Thursday, 3 November 2011

It is a long time since I have been proud of my inherant Anglicanism.

I have, over the last forty years, made several attempts to divest myself of it, with varying degrees of success. However, the last 72 hours have transformed, not only the Church of England, but, far more interestingly to me, how I feel about it and relate to it.

On Tuesday I indulged in a little bit of old time religion and heard Mass at All Saints, Margaret Street.

It's not an easy kind of religion, but the intention is sincere, the tradition honourable and the music.... well the music was sublime. We prayed, we sang and we listened. We were exhorted to challenge aggressive secularism by the preacher. He was right there. Fundamentalism, whether it comes in the form of the Taliban, George Bush or Richard Dawkins is scary. Really scary. I believe in my doubt. It's what keeps me going. Lord, preserve me from certainty.

On the way home, I stopped at St Paul's. I spoke last night of how that affected me. So much so I returned to the Cathedral twice today.

The first time to give a bag of books to the library that has been set up at the camp. I'd chosen a bundle of books on earnest political and economic subjects. They were received with gratitude and the request that next time, could I bring something 'entertaining'. Smutty novels it is then. I love these people.

They are doing stuff. They are transfiguring themselves. They are changing their world and they are changing mine.

After I'd dropped off the books I was happily sitting on the steps of the Cathedral when the Daily Assembly took place. I was ready to get cross, and to be honest, rather hoped to be. But fuck me, they did it right.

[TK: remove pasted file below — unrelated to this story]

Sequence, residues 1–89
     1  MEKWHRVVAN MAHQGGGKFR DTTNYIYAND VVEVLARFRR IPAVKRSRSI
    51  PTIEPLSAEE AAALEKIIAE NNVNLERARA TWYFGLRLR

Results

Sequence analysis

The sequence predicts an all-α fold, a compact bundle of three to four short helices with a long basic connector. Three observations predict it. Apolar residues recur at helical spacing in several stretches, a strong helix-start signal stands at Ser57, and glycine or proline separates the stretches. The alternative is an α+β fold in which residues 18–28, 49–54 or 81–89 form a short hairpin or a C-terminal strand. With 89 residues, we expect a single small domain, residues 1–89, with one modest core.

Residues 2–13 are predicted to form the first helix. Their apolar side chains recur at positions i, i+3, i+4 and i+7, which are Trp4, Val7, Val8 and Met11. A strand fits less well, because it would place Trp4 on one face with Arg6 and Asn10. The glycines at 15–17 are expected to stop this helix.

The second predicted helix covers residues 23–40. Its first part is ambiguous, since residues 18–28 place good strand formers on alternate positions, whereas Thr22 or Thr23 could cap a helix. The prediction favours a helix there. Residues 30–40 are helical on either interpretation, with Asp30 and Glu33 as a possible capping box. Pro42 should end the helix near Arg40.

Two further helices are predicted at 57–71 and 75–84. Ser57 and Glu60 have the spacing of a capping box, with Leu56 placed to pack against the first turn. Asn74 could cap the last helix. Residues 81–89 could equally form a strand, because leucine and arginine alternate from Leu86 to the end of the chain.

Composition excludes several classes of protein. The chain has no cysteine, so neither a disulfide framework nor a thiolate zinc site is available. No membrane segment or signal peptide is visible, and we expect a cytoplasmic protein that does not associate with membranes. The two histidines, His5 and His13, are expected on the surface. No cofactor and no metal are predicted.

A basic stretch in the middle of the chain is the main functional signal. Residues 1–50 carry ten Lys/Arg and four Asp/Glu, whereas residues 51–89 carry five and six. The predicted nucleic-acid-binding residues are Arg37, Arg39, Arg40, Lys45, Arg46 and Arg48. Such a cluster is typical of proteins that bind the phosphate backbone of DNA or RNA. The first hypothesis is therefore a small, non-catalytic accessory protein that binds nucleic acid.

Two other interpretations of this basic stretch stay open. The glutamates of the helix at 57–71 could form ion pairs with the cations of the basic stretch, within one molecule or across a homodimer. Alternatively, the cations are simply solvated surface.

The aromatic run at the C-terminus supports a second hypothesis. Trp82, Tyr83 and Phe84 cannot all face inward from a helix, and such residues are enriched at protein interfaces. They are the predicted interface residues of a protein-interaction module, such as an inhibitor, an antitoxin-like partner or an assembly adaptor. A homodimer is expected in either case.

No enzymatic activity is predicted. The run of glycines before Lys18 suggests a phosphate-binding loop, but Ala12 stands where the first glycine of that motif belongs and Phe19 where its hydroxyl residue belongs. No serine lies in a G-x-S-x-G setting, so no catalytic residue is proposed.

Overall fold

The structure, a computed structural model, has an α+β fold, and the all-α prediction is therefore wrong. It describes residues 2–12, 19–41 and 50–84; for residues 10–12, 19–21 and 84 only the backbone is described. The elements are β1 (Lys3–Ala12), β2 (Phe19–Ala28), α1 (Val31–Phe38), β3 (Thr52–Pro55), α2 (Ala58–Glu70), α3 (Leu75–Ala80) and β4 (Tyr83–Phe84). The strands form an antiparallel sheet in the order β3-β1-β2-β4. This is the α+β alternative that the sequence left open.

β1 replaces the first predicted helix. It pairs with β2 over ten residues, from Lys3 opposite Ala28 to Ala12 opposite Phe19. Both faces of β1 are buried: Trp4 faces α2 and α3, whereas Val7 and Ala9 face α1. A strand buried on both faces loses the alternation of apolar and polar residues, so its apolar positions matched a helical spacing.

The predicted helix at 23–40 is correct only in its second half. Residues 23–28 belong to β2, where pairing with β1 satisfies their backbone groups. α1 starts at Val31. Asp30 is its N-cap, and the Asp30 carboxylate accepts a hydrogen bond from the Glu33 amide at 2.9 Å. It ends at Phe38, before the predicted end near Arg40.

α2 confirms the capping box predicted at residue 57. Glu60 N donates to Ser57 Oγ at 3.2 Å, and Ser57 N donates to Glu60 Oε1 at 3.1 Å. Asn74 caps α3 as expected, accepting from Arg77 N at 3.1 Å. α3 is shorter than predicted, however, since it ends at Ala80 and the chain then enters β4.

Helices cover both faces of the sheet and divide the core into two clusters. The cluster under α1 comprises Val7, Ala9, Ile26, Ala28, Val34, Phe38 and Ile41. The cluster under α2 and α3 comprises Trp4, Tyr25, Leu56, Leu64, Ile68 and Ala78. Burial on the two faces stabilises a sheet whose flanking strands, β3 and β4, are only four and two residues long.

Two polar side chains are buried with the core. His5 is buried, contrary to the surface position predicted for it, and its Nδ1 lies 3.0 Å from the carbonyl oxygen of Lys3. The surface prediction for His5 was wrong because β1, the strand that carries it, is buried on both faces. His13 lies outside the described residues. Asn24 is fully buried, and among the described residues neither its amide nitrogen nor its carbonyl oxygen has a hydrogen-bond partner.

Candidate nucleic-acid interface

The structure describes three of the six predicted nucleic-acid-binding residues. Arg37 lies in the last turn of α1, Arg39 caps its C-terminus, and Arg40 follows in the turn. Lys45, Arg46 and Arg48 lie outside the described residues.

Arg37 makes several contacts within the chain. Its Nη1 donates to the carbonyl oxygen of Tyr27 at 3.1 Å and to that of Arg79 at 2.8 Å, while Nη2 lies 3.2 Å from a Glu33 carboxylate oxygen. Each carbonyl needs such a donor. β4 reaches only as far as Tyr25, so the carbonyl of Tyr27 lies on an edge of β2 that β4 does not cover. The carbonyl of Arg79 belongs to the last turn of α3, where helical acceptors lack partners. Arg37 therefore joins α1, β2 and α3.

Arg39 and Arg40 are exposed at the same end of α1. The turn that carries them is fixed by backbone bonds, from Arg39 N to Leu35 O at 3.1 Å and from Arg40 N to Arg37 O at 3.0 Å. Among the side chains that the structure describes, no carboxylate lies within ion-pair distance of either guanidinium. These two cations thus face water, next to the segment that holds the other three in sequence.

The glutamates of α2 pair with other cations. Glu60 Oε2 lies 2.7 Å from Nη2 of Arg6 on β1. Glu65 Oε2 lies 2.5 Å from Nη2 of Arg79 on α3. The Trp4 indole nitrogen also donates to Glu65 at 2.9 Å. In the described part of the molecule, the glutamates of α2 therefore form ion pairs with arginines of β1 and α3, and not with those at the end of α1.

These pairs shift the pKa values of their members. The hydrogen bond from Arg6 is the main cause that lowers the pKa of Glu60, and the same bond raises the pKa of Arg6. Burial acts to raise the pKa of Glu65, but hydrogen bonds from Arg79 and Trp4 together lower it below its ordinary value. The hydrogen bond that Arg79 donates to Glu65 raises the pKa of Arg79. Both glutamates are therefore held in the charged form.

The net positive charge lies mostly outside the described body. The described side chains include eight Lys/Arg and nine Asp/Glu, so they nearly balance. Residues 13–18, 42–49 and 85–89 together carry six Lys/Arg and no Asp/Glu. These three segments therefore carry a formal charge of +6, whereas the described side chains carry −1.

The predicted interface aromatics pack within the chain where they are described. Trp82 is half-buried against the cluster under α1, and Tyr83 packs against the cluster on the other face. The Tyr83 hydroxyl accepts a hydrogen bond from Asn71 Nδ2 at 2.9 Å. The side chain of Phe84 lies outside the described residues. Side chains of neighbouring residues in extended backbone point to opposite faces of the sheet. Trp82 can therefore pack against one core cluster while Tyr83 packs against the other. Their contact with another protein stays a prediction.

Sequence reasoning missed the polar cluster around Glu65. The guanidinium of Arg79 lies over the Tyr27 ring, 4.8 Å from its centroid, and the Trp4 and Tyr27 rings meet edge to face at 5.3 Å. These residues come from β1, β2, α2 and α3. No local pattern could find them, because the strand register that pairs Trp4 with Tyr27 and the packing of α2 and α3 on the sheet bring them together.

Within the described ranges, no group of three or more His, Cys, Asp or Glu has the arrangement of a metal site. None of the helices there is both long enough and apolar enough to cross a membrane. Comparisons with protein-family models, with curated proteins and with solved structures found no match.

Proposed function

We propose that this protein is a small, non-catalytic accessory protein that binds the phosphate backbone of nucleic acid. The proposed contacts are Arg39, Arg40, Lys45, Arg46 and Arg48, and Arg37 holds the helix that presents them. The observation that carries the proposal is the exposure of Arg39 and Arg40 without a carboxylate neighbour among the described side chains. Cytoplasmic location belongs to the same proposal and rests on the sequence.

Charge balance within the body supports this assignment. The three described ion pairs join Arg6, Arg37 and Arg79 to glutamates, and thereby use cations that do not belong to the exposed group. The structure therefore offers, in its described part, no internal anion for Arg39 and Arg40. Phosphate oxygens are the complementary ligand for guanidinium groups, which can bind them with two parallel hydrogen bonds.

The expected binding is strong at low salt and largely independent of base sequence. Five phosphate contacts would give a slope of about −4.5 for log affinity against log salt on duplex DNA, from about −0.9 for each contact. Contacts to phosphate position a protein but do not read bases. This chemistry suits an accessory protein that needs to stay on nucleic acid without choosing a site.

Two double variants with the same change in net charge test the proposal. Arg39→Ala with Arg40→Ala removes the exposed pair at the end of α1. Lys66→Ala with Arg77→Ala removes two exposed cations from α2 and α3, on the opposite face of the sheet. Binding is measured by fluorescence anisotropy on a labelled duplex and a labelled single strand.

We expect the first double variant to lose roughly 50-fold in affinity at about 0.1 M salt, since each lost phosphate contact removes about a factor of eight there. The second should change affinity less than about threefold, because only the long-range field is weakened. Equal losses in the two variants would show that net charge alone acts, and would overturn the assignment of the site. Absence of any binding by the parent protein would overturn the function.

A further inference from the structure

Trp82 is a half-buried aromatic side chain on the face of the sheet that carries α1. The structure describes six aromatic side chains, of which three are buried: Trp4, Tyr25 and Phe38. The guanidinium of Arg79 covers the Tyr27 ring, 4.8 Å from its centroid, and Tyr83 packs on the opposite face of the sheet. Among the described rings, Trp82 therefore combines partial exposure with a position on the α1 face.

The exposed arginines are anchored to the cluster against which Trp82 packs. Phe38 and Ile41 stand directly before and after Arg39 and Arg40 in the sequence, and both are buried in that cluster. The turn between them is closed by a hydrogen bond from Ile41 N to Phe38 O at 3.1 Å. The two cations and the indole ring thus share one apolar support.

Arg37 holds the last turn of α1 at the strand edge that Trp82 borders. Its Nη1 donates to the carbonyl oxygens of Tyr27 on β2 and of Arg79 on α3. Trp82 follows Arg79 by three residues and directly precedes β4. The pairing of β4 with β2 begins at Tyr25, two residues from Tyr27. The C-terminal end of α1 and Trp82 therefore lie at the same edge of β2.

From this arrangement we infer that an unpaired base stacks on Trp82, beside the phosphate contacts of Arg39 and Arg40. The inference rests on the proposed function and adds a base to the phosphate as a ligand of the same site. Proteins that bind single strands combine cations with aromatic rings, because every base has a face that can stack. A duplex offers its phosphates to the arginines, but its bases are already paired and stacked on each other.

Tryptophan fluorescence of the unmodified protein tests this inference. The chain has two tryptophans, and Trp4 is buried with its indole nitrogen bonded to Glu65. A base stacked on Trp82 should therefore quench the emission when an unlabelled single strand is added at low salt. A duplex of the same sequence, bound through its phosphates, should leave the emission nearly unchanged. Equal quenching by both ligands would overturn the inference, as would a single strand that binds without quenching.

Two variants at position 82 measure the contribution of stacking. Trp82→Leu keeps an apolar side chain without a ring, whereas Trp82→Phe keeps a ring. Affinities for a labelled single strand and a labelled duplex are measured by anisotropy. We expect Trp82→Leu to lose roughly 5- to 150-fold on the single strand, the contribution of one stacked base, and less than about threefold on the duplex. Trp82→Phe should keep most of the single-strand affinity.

The first speaker was Michael. He is the cleric responsible for music at the Cathedral and spoke to invite all those present to come to the Mass of All Souls' later that day. He was heard with enthusiasm by everyone and embodied the radical change in the Cathedral's position that has come about in the last 72 hours. Next, we heard from members of the various working parties from the camp. Please don't urinate in the Cathedral precints. Let's all eat together, rather than apart. How will the Camp respect the Cathedral's observance of Remembrance Sunday? By this point it was crystal clear. The Cathedral and the Campers are not at loggerheads. They are, at last as one.

Finally, having been back at the bookshop for the afternoon, I returned to the Cathedral for the Sung Requiem for All Souls'. Durufle knew his God. His setting of the Mass, sung by the choir and played by the City of London Sinfonia would have stirred the heart of the most aggressive secularist. Can you have joy in grief? Yes. You can. Protestors, bankers, the committed and the curious were at that service. Some received the sacrament and some a blessing. Some came with faith and some came with doubt. But my goodness me they were all there.

I am at last, proud to be an Anglican.

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